Los chukchis creian que ellas podian cumplir dos funciones: ser trabajadoras domesticas y sexuales al mismo tiempo.
Los chukchis los tomaban por esclavos con una excepcion hecha para los que tenian algun dinero.
Por lo general, los esclavos o las esclavas trabajaban hombro a hombro con sus duenos, vivian en las mismas yarangas --viviendas hechas de varas de madera y pieles de reno-- en que habitaban los chukchis, y consumian la comida de ellos.
Otra joven, la dirigente local de la Union de los jovenes comunistas, fue llevada como prisionera a un asentamiento chukchi en 1967.
None the less, by following their domesticated herds, the Chukchis were able to occupy swathes of tundra denied the local Inuit, or Yupik, who relied on harvesting the rich Bering Seas.
Over generations, the Chukchis worked on their dogs as Grand Prix mechanics might change the oil mix and tweak the chassis of their cars; they came up with a breed uniquely efficient in the tundra.
But, one way or other, the Chukchis depended on their dogs, and when the Russians advanced during the 17th century, their eyes on the fur trade, the sledge dogs found themselves key operatives in a guerrilla war.
In 1837, the government more or less gave up, signing a treaty that gave the Chukchis independence within the Russian Empire.
In 1732, the captain of the ship Gavriil, Ivan Fedorov, and the geodesist Mikhail Gvozdev reached the New World "opposite the Chukchi Peninsula.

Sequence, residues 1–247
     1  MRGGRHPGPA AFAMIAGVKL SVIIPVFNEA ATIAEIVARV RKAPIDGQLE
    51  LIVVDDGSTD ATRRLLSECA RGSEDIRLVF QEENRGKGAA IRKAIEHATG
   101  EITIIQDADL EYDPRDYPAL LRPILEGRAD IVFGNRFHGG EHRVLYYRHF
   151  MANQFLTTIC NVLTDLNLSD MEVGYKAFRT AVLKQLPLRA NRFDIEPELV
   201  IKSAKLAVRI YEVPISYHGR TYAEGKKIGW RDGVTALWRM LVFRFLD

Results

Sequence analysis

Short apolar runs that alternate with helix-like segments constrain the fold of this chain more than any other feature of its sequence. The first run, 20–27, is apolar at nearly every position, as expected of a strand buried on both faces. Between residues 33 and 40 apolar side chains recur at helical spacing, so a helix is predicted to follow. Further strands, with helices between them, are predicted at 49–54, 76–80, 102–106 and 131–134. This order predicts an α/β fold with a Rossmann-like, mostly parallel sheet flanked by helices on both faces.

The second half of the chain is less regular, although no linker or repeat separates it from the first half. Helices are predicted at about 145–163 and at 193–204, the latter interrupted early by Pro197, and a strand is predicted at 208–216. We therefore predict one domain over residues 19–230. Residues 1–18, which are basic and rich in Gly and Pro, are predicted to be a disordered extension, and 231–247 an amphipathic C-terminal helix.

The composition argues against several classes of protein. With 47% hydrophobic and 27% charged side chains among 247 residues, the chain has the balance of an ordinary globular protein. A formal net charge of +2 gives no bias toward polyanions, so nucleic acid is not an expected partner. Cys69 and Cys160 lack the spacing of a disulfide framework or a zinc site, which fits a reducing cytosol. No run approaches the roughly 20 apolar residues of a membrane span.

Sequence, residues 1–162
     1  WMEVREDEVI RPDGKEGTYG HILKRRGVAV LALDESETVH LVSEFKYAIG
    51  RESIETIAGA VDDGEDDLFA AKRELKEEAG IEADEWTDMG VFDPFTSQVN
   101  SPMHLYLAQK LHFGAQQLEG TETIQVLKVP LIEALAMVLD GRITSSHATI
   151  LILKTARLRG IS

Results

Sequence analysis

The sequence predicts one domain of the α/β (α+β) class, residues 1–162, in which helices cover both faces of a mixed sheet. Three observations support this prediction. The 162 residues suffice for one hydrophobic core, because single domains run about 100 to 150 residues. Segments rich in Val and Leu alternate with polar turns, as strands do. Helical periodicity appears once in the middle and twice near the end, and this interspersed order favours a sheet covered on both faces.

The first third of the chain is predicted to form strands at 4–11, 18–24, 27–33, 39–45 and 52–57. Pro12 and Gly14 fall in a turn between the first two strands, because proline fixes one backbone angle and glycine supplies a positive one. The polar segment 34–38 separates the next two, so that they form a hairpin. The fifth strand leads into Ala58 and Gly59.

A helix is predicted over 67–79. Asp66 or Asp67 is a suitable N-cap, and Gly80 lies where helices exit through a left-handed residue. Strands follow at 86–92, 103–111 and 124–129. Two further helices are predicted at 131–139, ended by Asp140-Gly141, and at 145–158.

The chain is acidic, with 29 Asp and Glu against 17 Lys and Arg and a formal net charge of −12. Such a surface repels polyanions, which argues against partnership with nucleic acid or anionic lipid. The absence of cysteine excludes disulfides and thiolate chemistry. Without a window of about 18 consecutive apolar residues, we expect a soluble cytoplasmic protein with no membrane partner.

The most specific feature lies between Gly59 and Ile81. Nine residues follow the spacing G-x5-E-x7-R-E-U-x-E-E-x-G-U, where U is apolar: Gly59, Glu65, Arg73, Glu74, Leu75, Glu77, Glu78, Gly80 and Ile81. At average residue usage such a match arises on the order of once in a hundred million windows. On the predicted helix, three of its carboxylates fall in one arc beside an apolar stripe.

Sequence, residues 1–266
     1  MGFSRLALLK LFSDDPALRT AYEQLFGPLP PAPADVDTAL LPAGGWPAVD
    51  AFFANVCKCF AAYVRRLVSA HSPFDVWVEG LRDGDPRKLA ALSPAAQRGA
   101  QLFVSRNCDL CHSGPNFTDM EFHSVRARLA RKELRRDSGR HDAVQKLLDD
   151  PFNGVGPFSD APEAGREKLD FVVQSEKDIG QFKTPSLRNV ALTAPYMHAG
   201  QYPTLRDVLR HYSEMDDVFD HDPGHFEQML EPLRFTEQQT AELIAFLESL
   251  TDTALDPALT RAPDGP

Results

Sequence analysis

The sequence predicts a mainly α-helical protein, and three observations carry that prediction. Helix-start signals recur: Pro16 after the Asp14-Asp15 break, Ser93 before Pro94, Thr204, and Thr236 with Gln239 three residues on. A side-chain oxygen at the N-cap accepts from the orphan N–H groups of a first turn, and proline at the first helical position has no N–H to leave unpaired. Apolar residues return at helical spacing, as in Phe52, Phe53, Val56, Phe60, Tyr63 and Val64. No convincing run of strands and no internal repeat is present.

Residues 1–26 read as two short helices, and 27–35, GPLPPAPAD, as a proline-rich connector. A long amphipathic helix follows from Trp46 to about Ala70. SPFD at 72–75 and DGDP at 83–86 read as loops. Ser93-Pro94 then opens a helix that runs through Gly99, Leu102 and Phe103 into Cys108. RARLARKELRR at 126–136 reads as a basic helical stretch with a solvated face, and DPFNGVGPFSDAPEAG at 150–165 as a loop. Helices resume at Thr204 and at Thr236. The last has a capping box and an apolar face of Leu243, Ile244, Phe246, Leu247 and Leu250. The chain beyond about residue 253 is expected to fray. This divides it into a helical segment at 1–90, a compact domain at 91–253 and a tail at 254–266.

The languages that are spoken by the first inhabitants of the tundra belong to three main families: Uralic and Chukchi in Eurasia and the Eskimo-Aleut family in North America and Greenland.
To the east of the Taymyr Peninsula, the human populations become even more diverse in terms of their origins and languages: The Evenki, Yakuts of Turkish origin, Yukaghir of Samoyed origin, Chukchi and Inuit, without including the mixed-race peoples, whose origins are relatively distinct, but whose cultural identity is consolidated, such as the Dolgan, Chuvases, Kolimchans or Kamchadales or Itelmen.
The CSESP covers an area of 37,000 square kilometers (14,286 square miles) of the northeastern Chukchi
Fin whales were regularly observed by Japanese and Russian whalers in the southwestern Chukchi Sea.
During the modern whaling period, fin whales were present in the southwestern Chukchi Sea, at times in sizeable numbers: 320 individuals were counted during a six-day survey between the Bering Strait and Cape Serdtse-Kamen in September 1939 (Sleptsov, 1961), even though these numbers are not reflected in the catch data (Springer et al.
2006), but fin whales remain rare in the Chukchi Sea, where only five post-whaling sightings have been reported.